• Bob, it is definitely a blessing to learn contentment in whatever states we find ourselves. As you point out, there are good and not-so-good aspects to everything. I think more marriages would succeed if people didn’t feel so much pressure to get married in the first place. Paul clearly states in Corinthians that it’s a gift to be happy with a celibate life.

  3. raynard

    Julia years ago I visited Valley Forge Park on the other side of Philadelphia. It’s a national park and still has those cabins the old soldiers from George Washington’s army slept. I use to know a friend who on weekends did civil war reenactments.. I was once told” how do you know where you’re going, if you dont know where you came from”..( You must of been around( is that a Beach Boy’s song I digress) when I was having a ” wayback 70’s moment last night. While I never owned a 68 VW bus, they did look” groovy” to me lol

    • Raynard, we really need to make a visit to Valley Forge, although it might be the most fun to go in winter šŸ˜€ but I’d rather not risk driving in that weather. I cannot think of Valley Forge without thinking of this hilarious meme, which you probably have seen. Yes, it would be groovy to have a VW bus to travel in, especially if it was fixed up inside and had psychedelic graffiti on the outside. JUST KIDDING! I’d have to make sure it didn’t show up in any of the photos I took at all the historical sights I’d be seeing.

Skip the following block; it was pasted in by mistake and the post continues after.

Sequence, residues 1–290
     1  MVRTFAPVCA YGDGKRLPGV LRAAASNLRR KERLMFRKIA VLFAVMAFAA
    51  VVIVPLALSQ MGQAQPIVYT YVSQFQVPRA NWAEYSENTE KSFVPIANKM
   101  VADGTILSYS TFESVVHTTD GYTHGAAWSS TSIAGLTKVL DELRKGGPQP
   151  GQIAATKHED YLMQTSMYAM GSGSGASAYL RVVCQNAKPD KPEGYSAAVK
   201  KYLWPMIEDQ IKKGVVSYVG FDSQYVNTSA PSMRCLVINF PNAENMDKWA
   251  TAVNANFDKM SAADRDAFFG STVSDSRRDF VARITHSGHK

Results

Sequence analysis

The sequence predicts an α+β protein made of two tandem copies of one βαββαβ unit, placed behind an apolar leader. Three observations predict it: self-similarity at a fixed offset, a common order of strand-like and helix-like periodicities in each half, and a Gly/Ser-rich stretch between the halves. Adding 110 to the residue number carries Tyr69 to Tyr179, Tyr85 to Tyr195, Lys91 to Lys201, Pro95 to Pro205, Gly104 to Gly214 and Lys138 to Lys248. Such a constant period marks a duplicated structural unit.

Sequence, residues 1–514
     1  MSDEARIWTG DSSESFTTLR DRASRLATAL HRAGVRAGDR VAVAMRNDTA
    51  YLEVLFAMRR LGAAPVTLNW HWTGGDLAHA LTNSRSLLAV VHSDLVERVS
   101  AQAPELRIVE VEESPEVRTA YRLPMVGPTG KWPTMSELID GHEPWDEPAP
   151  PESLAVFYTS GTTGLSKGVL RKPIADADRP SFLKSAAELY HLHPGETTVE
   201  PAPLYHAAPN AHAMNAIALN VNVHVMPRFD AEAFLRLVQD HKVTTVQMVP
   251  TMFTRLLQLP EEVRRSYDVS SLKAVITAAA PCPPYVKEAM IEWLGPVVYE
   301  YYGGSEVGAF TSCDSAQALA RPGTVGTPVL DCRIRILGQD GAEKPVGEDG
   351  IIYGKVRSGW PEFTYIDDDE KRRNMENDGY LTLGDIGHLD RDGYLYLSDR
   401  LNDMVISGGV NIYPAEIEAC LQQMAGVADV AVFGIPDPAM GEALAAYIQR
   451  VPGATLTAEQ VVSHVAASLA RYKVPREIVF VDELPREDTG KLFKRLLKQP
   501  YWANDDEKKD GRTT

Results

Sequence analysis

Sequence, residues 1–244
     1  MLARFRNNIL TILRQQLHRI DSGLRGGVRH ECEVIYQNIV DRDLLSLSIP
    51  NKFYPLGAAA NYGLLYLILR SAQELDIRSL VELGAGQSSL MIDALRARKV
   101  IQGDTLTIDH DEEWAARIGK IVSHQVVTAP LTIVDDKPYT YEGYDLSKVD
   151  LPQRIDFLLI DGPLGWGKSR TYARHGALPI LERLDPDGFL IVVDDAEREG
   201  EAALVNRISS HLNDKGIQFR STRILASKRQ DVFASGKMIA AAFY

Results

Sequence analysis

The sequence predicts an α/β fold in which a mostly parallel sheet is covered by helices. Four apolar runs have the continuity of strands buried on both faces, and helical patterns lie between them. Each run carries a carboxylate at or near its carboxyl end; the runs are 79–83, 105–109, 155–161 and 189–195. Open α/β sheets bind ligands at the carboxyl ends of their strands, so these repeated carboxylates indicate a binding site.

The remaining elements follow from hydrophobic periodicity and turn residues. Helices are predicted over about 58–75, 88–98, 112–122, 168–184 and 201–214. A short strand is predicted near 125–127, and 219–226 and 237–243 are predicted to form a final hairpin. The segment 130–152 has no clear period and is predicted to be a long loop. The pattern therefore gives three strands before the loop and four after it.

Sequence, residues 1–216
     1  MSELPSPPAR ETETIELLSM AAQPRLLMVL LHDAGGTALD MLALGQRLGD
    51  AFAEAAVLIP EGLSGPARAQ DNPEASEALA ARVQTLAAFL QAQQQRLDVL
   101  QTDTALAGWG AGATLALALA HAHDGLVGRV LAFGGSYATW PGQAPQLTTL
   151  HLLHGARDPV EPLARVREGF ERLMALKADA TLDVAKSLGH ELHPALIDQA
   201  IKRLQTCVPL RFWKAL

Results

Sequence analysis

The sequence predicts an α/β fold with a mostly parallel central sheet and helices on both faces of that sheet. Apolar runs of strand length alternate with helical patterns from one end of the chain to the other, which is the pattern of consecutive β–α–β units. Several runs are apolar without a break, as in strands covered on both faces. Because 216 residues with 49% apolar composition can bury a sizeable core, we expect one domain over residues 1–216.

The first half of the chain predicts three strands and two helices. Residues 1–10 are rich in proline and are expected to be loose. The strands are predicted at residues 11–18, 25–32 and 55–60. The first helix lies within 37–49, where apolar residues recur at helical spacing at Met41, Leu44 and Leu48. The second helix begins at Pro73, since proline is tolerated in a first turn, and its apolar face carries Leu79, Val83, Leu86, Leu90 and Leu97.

4. MaryAnn

    When I was a child, Mother took us to Gallup, NM for the annual Indian Ceremonial. It is a highlight in my memory. The ceremonial dances made me feel like we had stepped back into early America. The costumes are magnificent! Like you said, they stayed in character.
    Fast forward to grandmother-hood: I accompanied Aaron’s 4th grade class to Sutter’s Fort in Sacramento, CA. Everyone was dressed in period garb, cooking, weaving, chopping wood, building, making tools, etc. Aaron was allowed to use the loom. It was a very good learning experience for the children & for me! Makes me feel so blessed to be in this era.
    The big surprise for me was the size of “Patty’s Doll”. So tiny to fit in her pocket.
    Thank you once again for sparking wonderful joy in memories!